Naming and Shaming the Companies Using TFWs a Step Toward Making Them Pay The Full Costs

Now, just a few days after Dave Moreau blew the whistle on RBC's abuse of Canada's TFWP, they are in full retreat. They've issued a public 'mia culpa' that included promises that all the fired employees would be getting comparable jobs and that their business practices would change. Such is the power of bad publicity in our modern interconnected world. In reality their bottom line won't change a bit in the short-term because of the public's reaction to their getting caught doing exactly what thousands of other companies all across Canada are doing. The damage RBC fears is to their long-term PR persona.

RBC is in full damage control mode because they got 'named and shamed' by the whistleblower. The website Outsource Canada has province by province lists derived from StatsCan's voluminous and somewhat confusing tables. For instance, my home province of BC which currently has 166,400 folks registered with the government as unemployed and also has 28,065 TFWs which is 16.87% of its total employed workforce. The BC page's list of BC's companies, which includes hundreds of names, is really only a partial list because very few of the national corporations, including the big banks like RBC or the fast food outlets like Tim Horton's, are on it so...nonetheless it's well worth a cruise though the list to see how many of the places you frequent are there.

According to StatsCan, the largest number of TFWs across Canada are general farm workers including nursery, greenhouse and harvesting labourers  followed by food counter attendants, cooks, kitchen helpers and related restaurant occupations. The mind numbing lists and tables at StatsCan show that by far those highly specialized workers the program is supposed to help companies find are a tiny minority of the 338,000 TFWs now working in Canada.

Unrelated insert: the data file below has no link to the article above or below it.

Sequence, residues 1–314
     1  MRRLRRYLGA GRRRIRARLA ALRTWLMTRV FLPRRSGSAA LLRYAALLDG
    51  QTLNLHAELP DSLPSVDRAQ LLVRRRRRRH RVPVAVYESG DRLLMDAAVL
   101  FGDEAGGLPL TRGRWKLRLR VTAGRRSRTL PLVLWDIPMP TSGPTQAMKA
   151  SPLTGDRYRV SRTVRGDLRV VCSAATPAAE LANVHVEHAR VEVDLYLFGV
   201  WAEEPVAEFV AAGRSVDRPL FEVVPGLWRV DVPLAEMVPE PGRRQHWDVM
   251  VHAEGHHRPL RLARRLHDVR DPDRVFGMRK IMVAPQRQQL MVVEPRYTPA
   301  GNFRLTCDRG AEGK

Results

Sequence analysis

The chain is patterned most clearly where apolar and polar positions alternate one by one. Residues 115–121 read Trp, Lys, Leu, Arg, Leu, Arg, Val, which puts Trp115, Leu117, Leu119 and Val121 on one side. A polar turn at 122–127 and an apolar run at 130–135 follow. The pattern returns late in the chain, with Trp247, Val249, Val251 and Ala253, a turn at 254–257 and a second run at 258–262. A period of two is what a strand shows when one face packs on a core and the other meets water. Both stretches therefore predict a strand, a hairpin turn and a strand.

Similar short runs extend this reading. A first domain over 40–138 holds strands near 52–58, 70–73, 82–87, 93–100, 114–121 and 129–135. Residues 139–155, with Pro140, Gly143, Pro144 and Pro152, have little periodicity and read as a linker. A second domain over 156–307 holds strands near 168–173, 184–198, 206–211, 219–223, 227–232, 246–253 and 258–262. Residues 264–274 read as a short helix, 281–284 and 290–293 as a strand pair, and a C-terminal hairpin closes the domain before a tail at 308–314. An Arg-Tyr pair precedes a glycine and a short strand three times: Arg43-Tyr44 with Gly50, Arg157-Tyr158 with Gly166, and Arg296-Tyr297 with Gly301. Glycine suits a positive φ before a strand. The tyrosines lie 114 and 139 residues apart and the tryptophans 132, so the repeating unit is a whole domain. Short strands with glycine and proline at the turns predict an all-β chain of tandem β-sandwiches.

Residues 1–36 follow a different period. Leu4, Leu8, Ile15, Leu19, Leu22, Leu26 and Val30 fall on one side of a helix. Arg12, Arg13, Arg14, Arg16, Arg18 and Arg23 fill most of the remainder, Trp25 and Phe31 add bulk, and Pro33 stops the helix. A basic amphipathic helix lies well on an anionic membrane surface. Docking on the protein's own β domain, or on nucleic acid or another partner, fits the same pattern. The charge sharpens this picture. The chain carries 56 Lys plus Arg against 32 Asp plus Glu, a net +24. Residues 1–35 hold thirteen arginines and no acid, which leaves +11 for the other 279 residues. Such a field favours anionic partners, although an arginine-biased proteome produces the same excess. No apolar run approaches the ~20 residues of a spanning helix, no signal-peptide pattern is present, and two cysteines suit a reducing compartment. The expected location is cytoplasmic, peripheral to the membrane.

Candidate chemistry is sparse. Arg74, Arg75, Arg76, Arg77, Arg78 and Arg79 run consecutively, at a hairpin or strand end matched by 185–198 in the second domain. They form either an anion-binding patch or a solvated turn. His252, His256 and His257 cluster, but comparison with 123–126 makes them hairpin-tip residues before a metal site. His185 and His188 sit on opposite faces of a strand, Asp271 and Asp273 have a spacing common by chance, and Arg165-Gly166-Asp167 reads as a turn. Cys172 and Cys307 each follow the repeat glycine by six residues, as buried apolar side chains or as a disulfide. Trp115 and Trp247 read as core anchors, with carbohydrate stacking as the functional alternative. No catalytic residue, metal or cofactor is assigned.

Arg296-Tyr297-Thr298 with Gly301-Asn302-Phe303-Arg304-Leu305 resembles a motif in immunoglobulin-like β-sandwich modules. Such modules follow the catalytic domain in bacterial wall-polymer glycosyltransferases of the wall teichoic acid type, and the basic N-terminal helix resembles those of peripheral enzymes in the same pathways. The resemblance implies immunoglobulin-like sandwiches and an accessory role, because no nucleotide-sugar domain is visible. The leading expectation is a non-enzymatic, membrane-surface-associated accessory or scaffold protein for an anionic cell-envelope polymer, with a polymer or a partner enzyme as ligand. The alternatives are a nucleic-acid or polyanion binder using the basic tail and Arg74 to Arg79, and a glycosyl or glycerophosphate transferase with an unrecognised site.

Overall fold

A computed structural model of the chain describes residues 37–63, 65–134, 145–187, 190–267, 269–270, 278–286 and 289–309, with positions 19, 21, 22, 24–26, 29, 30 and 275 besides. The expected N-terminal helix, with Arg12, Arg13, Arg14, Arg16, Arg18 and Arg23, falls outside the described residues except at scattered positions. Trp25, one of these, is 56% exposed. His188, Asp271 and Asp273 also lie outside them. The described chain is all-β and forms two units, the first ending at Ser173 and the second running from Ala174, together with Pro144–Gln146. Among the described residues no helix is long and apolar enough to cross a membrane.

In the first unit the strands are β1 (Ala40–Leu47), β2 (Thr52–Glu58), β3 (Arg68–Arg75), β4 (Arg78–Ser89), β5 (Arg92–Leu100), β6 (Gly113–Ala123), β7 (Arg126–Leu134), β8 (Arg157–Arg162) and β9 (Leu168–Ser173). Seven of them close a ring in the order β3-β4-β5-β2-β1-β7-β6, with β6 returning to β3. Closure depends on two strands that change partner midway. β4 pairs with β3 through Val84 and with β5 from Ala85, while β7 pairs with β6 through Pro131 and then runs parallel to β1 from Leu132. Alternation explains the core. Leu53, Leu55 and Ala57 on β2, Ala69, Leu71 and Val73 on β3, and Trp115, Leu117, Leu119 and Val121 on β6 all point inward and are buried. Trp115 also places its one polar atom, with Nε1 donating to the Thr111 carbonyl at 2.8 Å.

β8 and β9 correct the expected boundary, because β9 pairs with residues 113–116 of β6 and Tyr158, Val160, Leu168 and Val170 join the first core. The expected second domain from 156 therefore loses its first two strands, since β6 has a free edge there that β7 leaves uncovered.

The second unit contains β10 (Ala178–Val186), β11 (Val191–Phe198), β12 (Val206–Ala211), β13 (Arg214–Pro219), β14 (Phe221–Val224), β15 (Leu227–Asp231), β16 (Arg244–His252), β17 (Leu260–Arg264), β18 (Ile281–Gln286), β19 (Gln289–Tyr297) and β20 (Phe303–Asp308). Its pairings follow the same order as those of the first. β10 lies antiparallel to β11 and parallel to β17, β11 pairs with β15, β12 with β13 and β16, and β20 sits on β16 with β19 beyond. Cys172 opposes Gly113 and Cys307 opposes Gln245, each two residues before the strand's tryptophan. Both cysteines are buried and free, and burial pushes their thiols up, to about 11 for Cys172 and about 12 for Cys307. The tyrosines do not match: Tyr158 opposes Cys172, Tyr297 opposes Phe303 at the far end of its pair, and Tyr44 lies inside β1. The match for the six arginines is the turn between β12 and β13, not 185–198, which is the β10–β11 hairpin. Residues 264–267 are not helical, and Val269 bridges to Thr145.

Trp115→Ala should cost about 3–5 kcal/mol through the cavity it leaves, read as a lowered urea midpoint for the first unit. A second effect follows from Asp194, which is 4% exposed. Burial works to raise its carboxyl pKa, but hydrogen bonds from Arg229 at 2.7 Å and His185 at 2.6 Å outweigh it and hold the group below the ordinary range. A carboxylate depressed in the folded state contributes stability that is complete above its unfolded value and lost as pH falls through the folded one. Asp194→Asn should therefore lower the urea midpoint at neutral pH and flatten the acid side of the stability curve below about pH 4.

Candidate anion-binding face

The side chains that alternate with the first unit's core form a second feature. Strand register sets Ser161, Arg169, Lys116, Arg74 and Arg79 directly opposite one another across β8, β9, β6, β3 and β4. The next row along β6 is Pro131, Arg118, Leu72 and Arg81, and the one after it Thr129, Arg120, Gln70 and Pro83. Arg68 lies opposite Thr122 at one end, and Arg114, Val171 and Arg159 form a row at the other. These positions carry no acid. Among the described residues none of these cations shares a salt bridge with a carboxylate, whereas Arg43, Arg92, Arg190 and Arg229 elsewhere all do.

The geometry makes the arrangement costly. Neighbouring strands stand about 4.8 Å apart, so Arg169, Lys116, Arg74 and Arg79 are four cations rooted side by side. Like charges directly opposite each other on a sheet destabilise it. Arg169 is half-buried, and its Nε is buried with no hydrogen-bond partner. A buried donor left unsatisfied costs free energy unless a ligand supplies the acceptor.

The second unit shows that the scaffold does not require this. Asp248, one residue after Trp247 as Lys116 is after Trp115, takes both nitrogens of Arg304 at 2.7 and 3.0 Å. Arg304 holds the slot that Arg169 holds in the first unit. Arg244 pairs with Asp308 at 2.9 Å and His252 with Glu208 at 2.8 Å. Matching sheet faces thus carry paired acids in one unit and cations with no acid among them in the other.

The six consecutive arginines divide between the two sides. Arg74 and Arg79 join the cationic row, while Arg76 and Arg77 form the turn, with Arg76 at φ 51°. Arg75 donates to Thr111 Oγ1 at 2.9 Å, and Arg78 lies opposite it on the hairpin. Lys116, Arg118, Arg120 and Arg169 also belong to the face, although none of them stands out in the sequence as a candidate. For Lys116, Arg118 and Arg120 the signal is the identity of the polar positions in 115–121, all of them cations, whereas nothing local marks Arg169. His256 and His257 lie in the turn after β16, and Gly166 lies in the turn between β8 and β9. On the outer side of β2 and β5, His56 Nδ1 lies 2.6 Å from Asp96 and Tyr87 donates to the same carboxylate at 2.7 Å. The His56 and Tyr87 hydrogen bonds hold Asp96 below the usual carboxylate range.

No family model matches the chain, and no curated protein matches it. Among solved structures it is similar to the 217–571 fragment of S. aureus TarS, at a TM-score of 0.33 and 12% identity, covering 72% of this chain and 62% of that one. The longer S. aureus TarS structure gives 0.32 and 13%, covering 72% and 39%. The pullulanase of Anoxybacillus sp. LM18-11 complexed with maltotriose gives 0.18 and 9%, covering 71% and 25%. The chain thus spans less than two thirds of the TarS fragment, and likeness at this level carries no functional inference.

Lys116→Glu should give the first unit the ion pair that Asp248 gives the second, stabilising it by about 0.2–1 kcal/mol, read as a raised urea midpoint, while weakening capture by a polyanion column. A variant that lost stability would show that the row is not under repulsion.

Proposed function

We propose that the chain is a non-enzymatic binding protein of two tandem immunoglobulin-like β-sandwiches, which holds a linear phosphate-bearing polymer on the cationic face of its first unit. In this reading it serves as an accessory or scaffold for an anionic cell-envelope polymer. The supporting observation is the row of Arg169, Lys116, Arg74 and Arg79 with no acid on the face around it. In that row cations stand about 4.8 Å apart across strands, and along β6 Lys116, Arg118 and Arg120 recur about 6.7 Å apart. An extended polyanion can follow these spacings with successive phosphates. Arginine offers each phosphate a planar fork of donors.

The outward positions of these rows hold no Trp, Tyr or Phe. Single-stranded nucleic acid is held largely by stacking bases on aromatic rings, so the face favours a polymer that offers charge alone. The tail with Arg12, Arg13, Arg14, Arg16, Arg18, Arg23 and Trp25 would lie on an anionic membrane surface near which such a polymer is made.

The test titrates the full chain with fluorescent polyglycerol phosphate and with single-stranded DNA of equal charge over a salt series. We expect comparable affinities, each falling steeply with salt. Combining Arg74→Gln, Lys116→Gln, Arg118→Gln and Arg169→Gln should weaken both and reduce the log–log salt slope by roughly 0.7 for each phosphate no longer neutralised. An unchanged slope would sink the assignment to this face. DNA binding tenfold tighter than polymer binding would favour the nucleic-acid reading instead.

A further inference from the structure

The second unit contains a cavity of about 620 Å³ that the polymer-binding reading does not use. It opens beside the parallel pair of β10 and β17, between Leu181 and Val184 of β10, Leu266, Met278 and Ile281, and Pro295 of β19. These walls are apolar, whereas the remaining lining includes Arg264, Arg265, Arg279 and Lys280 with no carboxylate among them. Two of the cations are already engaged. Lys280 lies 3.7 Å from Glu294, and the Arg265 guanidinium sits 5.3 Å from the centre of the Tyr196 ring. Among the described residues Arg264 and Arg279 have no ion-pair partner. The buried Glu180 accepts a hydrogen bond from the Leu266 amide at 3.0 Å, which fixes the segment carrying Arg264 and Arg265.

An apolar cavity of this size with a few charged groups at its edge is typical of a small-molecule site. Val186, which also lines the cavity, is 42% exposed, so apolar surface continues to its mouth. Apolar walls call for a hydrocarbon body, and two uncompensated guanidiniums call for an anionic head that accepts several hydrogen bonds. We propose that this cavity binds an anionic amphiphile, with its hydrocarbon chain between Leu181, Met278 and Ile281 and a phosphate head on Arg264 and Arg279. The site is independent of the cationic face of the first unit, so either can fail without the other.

According to another section of StatsCan, BC lost 16,200 full-time jobs last month. As BC Federation of Labour President Jim Sinclair says, "These numbers reveal we don't have a temporary shortage of workers, we have a shortage of jobs." The Federation has long opposed the Temporary Foreign Worker Program, because the program drives down wages and severely limits the rights of workers entering Canada. "We know that over the long run with expected retirements and slowing birthrates, our workforce requires continued reliance on immigration," said Sinclair; "but let's invest in real immigration programs that allow prospective citizens the same rights as all Canadian workers. It's how we built Canada and how we should continue to build Canada.

Wading through the jargon can be almost as confusing as the stats. The term 'outsourcing' is commonly used as a catch-all term by us folks non-familiar with the lingo. Reading up on the definitions of outsourcing, offshoring, temporary foreign workers and outsourcing companies can drive a person to drink. The street level reality is that the earlier era's destruction of Canada's manufacturing industries by the free trade and globalization bandits was mostly offshoring. The current corporate scheme of hiding behind sub-contractors [outsourcing companies] that actually hire and import temporary foreign workers is what we call outsourcing.

In the end it doesn't matter much which knife slit your throat, the reality is that you're bleeding and useless you stop the bleeding quickly somehow you'll be dead. It would be nice to live in a world where a person could count on the government to step in and stop the metaphorical bleeding of Canadian jobs, but we all know that'll happen just after pigs fly. So the best option, the best tool we have is to make the dastardly companies pay the Public Relations price of their short-term profit motivated actions is to take a first step by  'Naming and Shaming' them.